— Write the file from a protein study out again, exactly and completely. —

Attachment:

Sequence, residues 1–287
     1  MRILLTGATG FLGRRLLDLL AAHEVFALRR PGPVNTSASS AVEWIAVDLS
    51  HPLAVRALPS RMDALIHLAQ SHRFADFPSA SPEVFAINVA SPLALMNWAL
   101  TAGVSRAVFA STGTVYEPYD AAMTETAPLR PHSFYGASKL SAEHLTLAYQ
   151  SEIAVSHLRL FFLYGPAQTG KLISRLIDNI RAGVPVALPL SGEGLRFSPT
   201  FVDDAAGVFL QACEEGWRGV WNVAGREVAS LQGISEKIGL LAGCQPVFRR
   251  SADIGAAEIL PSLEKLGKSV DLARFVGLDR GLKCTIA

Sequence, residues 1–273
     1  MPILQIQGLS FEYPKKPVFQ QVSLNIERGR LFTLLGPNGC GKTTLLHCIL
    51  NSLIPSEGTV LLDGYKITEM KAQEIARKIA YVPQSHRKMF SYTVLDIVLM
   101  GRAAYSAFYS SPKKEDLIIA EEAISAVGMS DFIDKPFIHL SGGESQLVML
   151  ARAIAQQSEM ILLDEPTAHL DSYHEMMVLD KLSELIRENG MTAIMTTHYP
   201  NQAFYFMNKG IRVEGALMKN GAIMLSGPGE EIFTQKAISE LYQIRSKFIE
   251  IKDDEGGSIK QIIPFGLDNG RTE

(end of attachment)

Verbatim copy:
Sequence, residues 1–287
     1  MRILLTGATG FLGRRLLDLL AAHEVFALRR PGPVNTSASS AVEWIAVDLS
    51  HPLAVRALPS RMDALIHLAQ SHRFADFPSA SPEVFAINVA SPLALMNWAL
   101  TAGVSRAVFA STGTVYEPYD AAMTETAPLR PHSFYGASKL SAEHLTLAYQ
   151  SEIAVSHLRL FFLYGPAQTG KLISRLIDNI RAGVPVALPL SGEGLRFSPT
   201  FVDDAAGVFL QACEEGWRGV WNVAGREVAS LQGISEKIGL LAGCQPVFRR
   251  SADIGAAEIL PSLEKLGKSV DLARFVGLDR GLKCTIA

Sequence, residues 1–273
     1  MPILQIQGLS FEYPKKPVFQ QVSLNIERGR LFTLLGPNGC GKTTLLHCIL
    51  NSLIPSEGTV LLDGYKITEM KAQEIARKIA YVPQSHRKMF SYTVLDIVLM
   101  GRAAYSAFYS SPKKEDLIIA EEAISAVGMS DFIDKPFIHL SGGESQLVML
   151  ARAIAQQSEM ILLDEPTAHL DSYHEMMVLD KLSELIRENG MTAIMTTHYP
   201  NQAFYFMNKG IRVEGALMKN GAIMLSGPGE EIFTQKAISE LYQIRSKFIE
   251  IKDDEGGSIK QIIPFGLDNG RTE